# Trying to make a FULL-SCALE landable planet simillar to star-citizen

How would I make something like a full-scale planet? I’ve seen other people do such.
I’m confused on how they manage to add stuff like height-maps to their planet, and small details.
I’m trying to achieve something like this in roblox.

That’s what im trying to achieve basically, I may know how to do the gravity, but the main thing I’m trying to get over about, is how would I generate a height-map or something to make big mountains / hills that aren’t frequent? and what would I use to do such.

I’ve been thinking of terrain cause it’s flexible and it makes itself low-quality.
I’m not trying to make planets that are similar to earth where you can see their surface, take this video as a example.

I’m trying to get ideas on how to achieve something like this.
There is an old topic similar to this back in 2021 but it’s pretty dead and it’s not what im really aiming for, he’s aiming for gravity, im looking for generation, as far as we need to worry the planet is NOT moving anywhere.

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This is more as if a repost with more detail compared to my last post.

Well, very few people if any have done this on roblox. It would have to be generated in chunks by the client.

The first step I would take is figuring out how I should store the map aka “Planet”. Maybe with an algorithm like what minecraft does? or store information in a table? and send the client the needed data chunks.

This really isn’t the answer but I hope it helps with direction. The only way to reach this scale is with some kind of chunk loading system. Because the scale is too much for the server and client to load at once.

Noted, but how would I even make the table, that’s my question.

It really depends on how to decide to make it visual.

planets = { planetA = vector3.new(0,0,0) }

displayPlanet(planetA)

Really bad example. It’s 2:15 am.

displayPlanet would be the function that creates the planet on the client.
Planets is the table with the planets info.

Same state (i think), same time, my god I need to get sleep as well.
But anyways that makes a bit of sense to me.

I guess we use magnitude on the player’s humroot, and start rendering the terrain using the data from the table, if it’s within the region, i’m guessing thats what the function is?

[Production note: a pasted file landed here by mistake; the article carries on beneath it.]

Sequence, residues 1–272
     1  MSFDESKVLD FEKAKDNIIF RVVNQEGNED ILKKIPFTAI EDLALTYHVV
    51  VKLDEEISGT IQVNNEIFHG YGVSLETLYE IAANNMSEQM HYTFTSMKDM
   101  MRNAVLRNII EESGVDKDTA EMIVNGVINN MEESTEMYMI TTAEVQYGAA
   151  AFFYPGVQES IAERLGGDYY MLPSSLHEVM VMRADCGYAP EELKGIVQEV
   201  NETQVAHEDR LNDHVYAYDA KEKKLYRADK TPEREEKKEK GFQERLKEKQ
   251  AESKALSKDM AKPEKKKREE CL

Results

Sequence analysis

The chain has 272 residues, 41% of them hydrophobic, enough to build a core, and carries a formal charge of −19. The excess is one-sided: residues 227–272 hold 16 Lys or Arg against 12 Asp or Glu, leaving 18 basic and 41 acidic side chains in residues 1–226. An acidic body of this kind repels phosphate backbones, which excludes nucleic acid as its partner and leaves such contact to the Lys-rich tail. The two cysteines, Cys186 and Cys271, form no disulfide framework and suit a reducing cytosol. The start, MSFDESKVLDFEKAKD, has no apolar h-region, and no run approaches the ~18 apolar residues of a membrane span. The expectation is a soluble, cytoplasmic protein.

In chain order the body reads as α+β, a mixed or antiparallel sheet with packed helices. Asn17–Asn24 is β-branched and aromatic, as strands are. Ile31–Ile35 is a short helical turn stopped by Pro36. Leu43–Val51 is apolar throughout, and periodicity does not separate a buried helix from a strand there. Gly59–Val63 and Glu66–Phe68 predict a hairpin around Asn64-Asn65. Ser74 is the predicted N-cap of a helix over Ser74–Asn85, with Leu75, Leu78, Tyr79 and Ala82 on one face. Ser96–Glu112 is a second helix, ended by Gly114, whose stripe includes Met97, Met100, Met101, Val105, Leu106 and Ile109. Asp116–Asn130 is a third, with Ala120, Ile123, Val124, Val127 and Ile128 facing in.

its better to do the minecraft with a seed instead of table mess

# Absolutely No Shot*, Buddy

I did my best to lay out why this is a huge ask.

To clarify, you want:

• Spherical Planets
• At real-world scales (>1000km planetary radius)
• Presumably in a solar system (>1 AU radius)
• In a multiplayer game
• In real time

No dice.

I also know because I gave it my best shot, both on my own and with collaborators. I find humor and great pleasure in making Roblox do things it was not designed to do.

My conclusion on this topic: I’m sure this is all theoretically possible, but I decided it just isn’t worth the time.

## The Trouble with Scale: A Short Treatise

### Roblox Terrain is a No-Go

Roblox Terrain, in my opinion, is pretty great. It’s an excellent voxel solution that enables a variety of landscapes and creative freedom.

For procedural generation at scale, however, it’s pretty bad.

It’s fast, but not fast enough to generate hundreds of square kilometers of terrain in seconds. Remember, if players are moving at 1km/s, your terrain generation will need to keep up. 1km/s is also nothing – if you are trying to represent Earth, 1km/s isn’t even orbital velocity.

Ok, let’s just pre-generate the entire planet! No dice – you’ll hit Roblox’s server memory cap (~= 4gb (I think???)) way before you even have a large island.

### Floating Point Precision will Ruin Your Day

This is the killer though.

The core issue to building at the scales you desire in Roblox (and in other situations too!) are floating point precision errors. If you have ever seen your Roblox character shake when far from the center of the world…

…floating precision is the culprit. Oracle does a pretty good job explaining it:

https://docs.oracle.com/cd/E19957-01/806-3568/ncg_goldberg.html

I would like to stress that floating point errors are a feature, not a bug. IEE 754 floating point numbers were designed with intention, and they do their best to enable high precision decimal representations while making sacrifices when possible to ensure good performance.

There are solutions to these problems. They are both miserable:

#### The 64-bit Coordinates Solution